Sponsored by the U.S. Department of Transportation (USDOT) Intelligent Transportation Systems Joint Program Office (ITS JPO), the Connected Vehicle (CV) Pilot Deployment Program is a national effort to deploy, test, and operationalize cutting-edge mobile and roadside technologies and enable multiple CV applications. These innovative technologies and applications have the potential for immediate beneficial impacts – to save lives, improve personal mobility, enhance economic productivity, reduce environmental impacts, and transform public agency operations.
The USDOT awarded three cooperative agreements collectively worth more than $45 million to initiate a Design/Build/Test/Deploy CV Pilot Deployment Program to three agencies: Wyoming DOT, New York City (NYC) DOT, and Tampa Hillsborough Expressway Authority (THEA). From September 2015 to September 2016, each site prepared a comprehensive deployment concept to ensure a rapid and efficient connected vehicle capability roll-out. The three sites next embarked on a 20-month phase to design, build, and test these deployments of integrated wireless in-vehicle, mobile device, and roadside technologies.
In this set of webinars, the three pilot sites shared with the general public the conceptual overviews and status reports of the three pilot projects, as well as the technical challenges and lessons learned of the system design process, including those regarding security, regulation, certification, app and device development, data management and data sharing, interoperability, etc.
Lessons Learned from the NYCDOT Connected Vehicle Pilot Update at the System Design Milestone webinar.
Address privacy of safety/operational data using multiple tools.
Stakeholders need reassurance on the protection of their privacy. The key is to focus on privacy by design. Protection may include:
- Memorandum of Understandings (MOU)
- Onboard data encryption
- Collection time limits
- Data obfuscation, sanitization, normalization.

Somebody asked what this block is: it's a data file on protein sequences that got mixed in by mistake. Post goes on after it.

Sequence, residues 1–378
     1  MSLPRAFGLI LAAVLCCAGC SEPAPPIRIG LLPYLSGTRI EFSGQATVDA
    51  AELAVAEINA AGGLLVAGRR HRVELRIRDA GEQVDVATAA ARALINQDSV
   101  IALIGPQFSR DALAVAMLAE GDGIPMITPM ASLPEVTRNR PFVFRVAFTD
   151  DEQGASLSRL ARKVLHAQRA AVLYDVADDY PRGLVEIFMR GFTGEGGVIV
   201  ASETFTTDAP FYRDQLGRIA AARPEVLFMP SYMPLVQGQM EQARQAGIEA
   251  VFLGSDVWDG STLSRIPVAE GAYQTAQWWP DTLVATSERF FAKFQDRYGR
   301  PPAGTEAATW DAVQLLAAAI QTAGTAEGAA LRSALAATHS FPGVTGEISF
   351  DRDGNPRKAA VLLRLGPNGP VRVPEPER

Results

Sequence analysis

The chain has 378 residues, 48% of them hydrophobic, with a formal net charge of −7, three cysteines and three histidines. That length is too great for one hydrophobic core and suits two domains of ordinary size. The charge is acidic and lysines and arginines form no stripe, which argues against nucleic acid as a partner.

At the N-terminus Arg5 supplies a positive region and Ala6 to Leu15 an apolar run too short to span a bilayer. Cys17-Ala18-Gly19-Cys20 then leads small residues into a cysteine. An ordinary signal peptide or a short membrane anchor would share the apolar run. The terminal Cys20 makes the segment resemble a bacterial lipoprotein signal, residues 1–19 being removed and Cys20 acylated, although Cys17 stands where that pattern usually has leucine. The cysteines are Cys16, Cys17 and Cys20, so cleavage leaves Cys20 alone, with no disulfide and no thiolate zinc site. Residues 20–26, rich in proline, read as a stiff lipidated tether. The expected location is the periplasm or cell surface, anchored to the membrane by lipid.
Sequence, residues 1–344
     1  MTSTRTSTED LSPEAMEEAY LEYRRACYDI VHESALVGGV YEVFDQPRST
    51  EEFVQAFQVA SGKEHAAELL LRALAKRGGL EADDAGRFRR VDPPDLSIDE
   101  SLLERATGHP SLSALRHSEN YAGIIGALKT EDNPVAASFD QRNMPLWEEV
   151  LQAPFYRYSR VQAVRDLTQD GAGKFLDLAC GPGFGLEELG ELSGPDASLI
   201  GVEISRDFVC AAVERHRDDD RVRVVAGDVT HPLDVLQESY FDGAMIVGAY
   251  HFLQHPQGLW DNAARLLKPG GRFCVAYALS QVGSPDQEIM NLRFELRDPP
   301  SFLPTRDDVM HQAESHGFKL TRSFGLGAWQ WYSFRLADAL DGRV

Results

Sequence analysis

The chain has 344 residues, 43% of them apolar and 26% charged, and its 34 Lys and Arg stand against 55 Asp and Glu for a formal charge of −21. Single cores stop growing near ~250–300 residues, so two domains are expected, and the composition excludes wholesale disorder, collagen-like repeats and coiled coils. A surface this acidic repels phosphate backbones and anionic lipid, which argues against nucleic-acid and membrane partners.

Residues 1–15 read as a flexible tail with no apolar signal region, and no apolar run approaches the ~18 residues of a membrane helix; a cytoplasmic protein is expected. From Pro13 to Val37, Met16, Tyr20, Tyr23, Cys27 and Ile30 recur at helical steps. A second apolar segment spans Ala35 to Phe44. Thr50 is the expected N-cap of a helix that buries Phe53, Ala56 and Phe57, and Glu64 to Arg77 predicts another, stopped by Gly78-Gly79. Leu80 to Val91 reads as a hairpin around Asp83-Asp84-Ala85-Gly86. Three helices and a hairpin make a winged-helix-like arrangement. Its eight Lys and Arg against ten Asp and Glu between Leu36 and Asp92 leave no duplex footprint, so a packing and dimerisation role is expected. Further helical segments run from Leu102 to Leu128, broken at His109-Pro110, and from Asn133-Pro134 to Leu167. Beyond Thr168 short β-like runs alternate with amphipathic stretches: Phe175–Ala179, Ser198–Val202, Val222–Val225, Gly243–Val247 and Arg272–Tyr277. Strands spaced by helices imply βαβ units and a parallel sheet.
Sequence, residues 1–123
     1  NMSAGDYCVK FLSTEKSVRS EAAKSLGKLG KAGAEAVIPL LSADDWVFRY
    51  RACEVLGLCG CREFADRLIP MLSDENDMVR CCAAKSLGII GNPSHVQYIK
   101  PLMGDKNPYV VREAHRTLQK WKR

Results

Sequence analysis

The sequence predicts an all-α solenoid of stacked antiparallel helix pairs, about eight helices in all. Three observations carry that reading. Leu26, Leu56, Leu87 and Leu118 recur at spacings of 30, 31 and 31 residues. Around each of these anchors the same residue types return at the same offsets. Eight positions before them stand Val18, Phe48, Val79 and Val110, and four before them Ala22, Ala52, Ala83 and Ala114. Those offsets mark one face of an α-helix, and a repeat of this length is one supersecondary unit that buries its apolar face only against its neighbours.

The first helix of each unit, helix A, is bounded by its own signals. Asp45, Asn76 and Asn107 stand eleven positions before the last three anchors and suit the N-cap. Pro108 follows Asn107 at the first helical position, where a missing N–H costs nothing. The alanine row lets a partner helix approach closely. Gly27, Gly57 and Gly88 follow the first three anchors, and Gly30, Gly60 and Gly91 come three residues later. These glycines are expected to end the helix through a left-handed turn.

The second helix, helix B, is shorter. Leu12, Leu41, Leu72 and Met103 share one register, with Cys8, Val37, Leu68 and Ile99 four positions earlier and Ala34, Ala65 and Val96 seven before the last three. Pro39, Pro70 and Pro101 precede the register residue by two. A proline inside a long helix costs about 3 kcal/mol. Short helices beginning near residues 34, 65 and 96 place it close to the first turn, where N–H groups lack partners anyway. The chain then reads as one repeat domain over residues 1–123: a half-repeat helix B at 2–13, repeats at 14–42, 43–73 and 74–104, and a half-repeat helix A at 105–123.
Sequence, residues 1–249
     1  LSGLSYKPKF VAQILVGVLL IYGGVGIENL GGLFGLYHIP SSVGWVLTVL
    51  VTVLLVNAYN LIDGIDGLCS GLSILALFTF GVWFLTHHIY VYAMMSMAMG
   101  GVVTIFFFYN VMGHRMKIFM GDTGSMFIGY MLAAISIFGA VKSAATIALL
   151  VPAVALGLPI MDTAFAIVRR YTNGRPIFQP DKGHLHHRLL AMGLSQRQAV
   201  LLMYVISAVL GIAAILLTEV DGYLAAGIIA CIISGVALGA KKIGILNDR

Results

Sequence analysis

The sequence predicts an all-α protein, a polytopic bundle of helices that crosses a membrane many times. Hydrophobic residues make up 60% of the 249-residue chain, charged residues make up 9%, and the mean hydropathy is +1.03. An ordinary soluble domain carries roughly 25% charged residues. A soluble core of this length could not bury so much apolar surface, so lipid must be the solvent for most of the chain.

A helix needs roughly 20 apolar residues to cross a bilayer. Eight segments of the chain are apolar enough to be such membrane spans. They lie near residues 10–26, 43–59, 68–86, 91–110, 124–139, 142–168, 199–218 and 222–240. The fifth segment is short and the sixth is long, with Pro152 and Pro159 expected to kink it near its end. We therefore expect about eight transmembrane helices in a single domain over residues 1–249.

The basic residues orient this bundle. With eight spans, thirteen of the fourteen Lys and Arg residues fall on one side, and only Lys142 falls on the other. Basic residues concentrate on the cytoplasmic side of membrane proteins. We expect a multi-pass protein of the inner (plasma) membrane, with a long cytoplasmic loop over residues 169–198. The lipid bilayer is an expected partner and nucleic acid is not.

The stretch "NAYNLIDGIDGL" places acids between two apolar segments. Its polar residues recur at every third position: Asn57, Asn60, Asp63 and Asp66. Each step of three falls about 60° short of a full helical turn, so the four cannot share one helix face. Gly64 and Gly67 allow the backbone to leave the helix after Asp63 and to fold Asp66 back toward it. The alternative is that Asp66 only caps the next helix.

Address security in all aspects of the CV and DOT system.
Including but not limited to:
- Transportation Management Center (TMC) security (physical, system access needs)
- Devices & networks (operating firewalls, Network Address Translation (NATs), management)
- Complexity and troubleshooting
- Security monitoring.
Have a correction in place to handle the inaccuracy of GPS in urban canyons.
The accuracy of GPS data depends on many factors and is often limited to open sky. Accuracy diminishes in areas like NYC with tall buildings, bridges, overpasses, etc. To address this issue, the NYC Pilot vendors introduced a combination of supporting techniques to improve location accuracy, including:
- Dead reckoning
- CAN bus integration for speed information
- Inertial Management Unit (IMU) integration
- Roadside Unit (RSU) triangulation.
Tune the applications for the proper density and speed of the environment that you are deploying in.
In the absence of standard performance requirements for applications, it became evident that each vendor had their own interpretation and tuning of applications deployed. For NYC, it was key that the applications be tuned for urban density and speeds to balance proper alerts versus false alarms. This required:
- Consistent expectations for the drivers about the sensitivity of the applications across all vendors
- Performance tradeoffs
- Staging open sky testing (for baseline) and urban canyon testing.
Do not underestimate how long it will take to secure FCC Licenses for Dedicated Short Range Communications (DSRC) devices.
The FCC license application process cannot be done with a bulk application. Submission for all RSUs and devices must be done one at a time. This process took 18 months for all 400 RSUs being used in the NYC deployment. NYCDOT did however obtain two waivers to help expedite the process:
- An Interdepartment Radio Advisory Committee (IRAC) geographic coordination waiver
- Waiver on Environmental Impact Statement on DSRC antennas.
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